After decerning the priesthood was not the right fit, Bianco took a job teaching theology at the University of San Diego and began work at St. John the Evangelist, located in a historically gay neighborhood. San Diego Cardinal-designate Robert McElroy, inspired by Francis, had encouraged the parish to establish a ministry to LGBTQ Catholics, and Bianco started one that flourished.
The catechism calls homosexual acts "intrinsically disordered" but says gay and lesbian individuals "must be accepted with respect, compassion, and sensitivity." Throughout his pontificate, Francis has emphasized the latter. In 2013, he rattled some and delighted others with his "Who am I to judge?" comment. (He has not, however, sanctioned gay marriage or otherwise altered church teaching; last year he approved a decree that barred priests from blessing gay couples and stated God "cannot bless sin.")
At St. John the Evangelist, far-right and fringe Catholic groups soon began to target Bianco. Articles with pictures of Bianco, his husband and his late mother were published on Church Militant and LifeSite News websites. The Virginia-based Lepanto Institute ran a 12-page diatribe on him. It also included Bianco's home address.
The day after publication, someone pulled into his driveway and called out, "We know where you live."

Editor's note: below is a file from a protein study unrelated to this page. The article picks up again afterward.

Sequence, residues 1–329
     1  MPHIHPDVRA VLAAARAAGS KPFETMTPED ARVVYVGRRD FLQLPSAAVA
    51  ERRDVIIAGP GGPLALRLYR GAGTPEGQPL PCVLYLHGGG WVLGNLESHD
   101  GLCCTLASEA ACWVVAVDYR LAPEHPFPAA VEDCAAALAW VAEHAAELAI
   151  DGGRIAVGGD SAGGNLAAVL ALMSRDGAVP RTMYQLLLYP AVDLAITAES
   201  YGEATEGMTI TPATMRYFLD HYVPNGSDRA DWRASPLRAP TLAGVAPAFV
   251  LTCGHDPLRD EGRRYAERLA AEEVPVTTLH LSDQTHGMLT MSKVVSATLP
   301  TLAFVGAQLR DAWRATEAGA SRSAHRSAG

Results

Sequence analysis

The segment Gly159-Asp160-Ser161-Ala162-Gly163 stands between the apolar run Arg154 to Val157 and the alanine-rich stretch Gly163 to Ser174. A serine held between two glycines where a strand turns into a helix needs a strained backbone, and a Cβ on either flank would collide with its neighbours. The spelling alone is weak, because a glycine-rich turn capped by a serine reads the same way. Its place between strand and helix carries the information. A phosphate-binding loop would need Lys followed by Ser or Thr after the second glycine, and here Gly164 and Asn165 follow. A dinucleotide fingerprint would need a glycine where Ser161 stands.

When an FBI agent asked Bianco, "Is this a job worth dying for?" he knew the answer. To protect his family and himself, he submitted his resignation.
"Yet if the goal of these organizations was to silence me, it backfired," said Bianco. People from around the world sent letters of support. A Vatican official sent a letter saying Francis was praying for him.
Bianco began giving presentations at parishes, universities and high schools across the United States and parts of Europe to help communities become more welcoming. At USD, a Catholic school, he teaches church doctrine on sexuality but also discusses God's unconditional love and encourages students to share what they think.
Cameron Traylor, 20, is a gay student at the University of San Diego. Struggling with his sexual orientation, he attempted suicide a few years ago. (Courtesy of Cameron Traylor)
One of his former students is 20-year-old Cameron Traylor. A few years ago, the gay young man attempted to take his life.
"Being gay and Catholic is difficult," Traylor told NCR. "But Aaron showed me it's OK to accept myself."
Traylor called Bianco his "guardian angel."
When Bianco was asked to speak at the conference in Rome this May, he felt a mix of surprise, joy and worry.